This is to the fact that, they are not yet established and thus they tend to face more changes in their make up which makes it hard for the organisation to standardize them worldwide. INFLUENCE OF ORGANISATIONAL STRUCTURE IN PRODUCT STANDARDIZATION WITHIN PRODUCT PROCESS Organisational structure of a company tends to dictate whether the product being produced in the organisation will be standardized in the market or be for local consumption.

According to Uscategui (1998) it is clear that for any manufactured product or brand in an organisation to be of global basis, the international firm will reasonably hold as an intend the attainment of collaboration & fulfilment on the section of individual participants. In this, there should exist the relationship between the marketing function at headquarter of international companies and marketing function at their individual participants together with the survival of interdependencies among participants.

Thus, we can say that, effective product standardization is attained by means of tight relationship that exists among the participants in the organisation (Jain 1989). At the same time, this tends to educate us on the way in which company issues have an influence on product standardization in the market. Some of the issues related to international product standardization comprise of centralisation of decision making power, sub-unit vertical reliance, sub-unit collaboration, sub-unit horizontal reliance, sub-unit agreement and sub-unit faith within the system.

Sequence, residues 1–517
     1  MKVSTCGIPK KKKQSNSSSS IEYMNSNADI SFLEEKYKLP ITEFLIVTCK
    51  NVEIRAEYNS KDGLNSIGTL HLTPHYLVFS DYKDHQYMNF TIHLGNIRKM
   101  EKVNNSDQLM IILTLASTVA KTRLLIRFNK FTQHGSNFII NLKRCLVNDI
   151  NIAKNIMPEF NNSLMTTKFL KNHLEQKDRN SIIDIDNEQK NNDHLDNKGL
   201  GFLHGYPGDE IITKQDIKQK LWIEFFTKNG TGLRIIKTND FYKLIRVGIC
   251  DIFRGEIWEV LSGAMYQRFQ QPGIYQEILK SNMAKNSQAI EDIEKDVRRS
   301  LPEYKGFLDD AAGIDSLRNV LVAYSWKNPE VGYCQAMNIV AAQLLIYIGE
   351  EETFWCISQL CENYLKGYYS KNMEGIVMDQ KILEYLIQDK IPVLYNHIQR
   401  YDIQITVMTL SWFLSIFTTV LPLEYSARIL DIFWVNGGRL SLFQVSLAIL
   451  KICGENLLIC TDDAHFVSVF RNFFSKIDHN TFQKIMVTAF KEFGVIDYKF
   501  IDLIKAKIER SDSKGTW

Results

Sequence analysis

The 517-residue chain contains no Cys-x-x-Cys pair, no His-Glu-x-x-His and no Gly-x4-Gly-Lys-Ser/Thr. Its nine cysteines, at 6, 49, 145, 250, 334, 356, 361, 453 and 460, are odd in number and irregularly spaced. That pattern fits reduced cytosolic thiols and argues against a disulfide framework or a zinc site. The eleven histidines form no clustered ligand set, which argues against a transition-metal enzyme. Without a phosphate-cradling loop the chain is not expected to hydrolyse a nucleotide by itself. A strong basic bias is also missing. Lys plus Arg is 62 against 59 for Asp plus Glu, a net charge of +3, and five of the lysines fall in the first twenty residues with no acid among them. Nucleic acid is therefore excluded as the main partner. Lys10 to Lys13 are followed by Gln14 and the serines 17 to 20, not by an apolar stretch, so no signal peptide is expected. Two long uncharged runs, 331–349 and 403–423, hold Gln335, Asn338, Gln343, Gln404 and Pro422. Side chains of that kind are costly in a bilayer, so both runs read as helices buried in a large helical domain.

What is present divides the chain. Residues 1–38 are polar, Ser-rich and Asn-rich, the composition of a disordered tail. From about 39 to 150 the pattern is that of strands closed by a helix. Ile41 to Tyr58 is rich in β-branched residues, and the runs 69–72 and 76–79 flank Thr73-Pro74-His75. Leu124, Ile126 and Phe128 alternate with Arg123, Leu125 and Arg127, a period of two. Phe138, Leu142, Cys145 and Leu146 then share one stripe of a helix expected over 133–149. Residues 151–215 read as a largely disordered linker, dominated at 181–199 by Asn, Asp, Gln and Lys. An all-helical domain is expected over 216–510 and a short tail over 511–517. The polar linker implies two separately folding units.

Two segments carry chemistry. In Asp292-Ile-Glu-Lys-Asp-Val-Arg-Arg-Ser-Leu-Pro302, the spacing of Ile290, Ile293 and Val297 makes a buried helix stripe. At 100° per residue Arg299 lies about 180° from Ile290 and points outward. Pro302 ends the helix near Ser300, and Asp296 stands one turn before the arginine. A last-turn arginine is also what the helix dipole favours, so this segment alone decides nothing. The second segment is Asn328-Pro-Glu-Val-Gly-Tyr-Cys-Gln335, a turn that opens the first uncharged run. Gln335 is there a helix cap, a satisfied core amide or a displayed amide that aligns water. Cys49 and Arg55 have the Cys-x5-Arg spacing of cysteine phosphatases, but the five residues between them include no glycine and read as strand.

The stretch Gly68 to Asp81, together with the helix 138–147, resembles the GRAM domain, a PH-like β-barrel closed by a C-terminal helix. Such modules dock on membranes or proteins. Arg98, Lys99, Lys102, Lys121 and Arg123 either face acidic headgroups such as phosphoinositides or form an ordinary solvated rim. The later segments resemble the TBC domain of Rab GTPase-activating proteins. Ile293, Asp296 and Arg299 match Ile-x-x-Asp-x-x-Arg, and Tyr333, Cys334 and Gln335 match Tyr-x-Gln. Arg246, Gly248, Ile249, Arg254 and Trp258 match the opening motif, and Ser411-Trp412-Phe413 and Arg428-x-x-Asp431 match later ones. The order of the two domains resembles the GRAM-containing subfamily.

Forms of firms in such a manner that one company section is able to build up abilities that profits the whole organisation, permit for the improvement of scale financial status and defence of the centre competencies for centralized capital and elasticity in their dealings (Uscategui 1998). Sub-unit parallel interdependence comprises high intensities of affiliate confidence on data or capitals from another affiliate.

In this, (Jain 1989) argues out that, the corporate managers in any organisation tend to manipulate some elements to generate conducive atmosphere that permits high percentage for standardization of product in the organisation to take place. Sub-unit vertical reliance comprises of high number of associates of whom one gets information or capital from the mother company or headquarter. To the respect of the headquarters’’ position within the organisational structure, the marketing function at the office has to provoke for some amount of faith or trust from the organisation (McCarthy 1960).

The sub-unit trust comprises powerful opinions by the associates that the headquarters have maintained its assurances and is sincerity with them. Moving down the structure, there are the internationals who give direction to local managers marketing programs who are entitled to ensure that any new product to be produced in the organisation goes globally into the market before the other manufacturer realises it for competition. They are also to make sure that each manager completely and devotedly develops a precious market thought (Quelch & Hoff, 1986).

The superior the strategic consensus among the mother organisation manager on the essential standardization elements the more effective the process will be on the new product being manufactured at the organisation. SUMMARY AND CONCLUSION The paper has looked on the key issues that make ‘product’ to be more likely to be standardized than most of the other elements of marketing mix and how the organisation structure can be organised in any organisation to influence product standardization of a new product that the organisation is producing to the market.

In this, we have found out that, it is much easier to standardize the brand, quality, and packaging of the product than the way in which pricing, distribution and promotion of a given product will be achieved in the international market. REFERENCES 1. Kimuli B 2006 Concept-of-Marketing-Mix-Presentation-on-Marketing-Management Vol 1 pp 2-7 2. Quelch A & Hoff J 1986 Customizing-Global-Marketing Harvard Business Review Vol 64 pp 59-68 3. Jain, S C 1989 Standardization-of-International-Marketing- Journal-of-Marketing- Vol 53 pp 70-79 4.